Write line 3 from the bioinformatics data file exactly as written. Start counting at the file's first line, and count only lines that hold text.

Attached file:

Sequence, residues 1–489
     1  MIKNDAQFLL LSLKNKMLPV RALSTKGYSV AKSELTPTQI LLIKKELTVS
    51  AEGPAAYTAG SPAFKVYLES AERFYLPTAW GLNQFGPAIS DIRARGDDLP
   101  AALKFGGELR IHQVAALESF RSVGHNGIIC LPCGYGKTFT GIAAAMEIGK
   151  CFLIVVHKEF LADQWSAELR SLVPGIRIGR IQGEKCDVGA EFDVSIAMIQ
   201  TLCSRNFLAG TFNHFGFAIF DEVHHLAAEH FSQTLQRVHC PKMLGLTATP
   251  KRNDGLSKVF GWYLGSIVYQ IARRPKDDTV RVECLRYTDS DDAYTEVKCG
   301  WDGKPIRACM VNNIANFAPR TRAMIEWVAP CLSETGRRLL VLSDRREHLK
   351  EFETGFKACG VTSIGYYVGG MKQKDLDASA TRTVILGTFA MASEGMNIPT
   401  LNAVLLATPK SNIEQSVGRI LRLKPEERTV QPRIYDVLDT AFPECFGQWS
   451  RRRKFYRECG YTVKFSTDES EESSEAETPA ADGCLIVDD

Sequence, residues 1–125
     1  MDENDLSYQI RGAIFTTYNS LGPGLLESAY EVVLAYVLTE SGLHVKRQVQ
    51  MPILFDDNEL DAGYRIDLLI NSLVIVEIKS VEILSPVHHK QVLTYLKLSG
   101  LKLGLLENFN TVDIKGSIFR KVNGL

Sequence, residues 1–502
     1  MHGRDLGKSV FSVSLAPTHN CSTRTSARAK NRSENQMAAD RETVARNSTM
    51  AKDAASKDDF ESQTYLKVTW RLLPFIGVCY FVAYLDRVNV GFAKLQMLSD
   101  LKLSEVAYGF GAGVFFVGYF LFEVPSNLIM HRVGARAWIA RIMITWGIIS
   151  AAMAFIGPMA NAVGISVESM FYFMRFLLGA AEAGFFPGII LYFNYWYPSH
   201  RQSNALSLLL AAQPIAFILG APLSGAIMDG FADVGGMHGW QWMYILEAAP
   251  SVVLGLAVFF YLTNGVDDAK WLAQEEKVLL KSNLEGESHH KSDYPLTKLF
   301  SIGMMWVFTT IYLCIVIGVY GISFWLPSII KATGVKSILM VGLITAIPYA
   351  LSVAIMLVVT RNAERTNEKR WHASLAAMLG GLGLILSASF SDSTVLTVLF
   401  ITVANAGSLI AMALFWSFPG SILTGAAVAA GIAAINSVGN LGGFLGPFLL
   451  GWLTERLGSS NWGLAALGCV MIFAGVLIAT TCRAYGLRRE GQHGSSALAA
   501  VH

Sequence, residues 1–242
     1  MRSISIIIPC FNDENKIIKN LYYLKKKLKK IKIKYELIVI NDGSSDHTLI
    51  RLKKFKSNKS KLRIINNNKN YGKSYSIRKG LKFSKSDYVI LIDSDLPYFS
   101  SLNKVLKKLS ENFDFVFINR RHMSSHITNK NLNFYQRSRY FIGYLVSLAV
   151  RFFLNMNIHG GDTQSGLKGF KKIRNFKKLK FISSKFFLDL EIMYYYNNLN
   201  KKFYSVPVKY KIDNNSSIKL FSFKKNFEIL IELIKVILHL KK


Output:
    51  AEGPAAYTAG SPAFKVYLES AERFYLPTAW GLNQFGPAIS DIRARGDDLP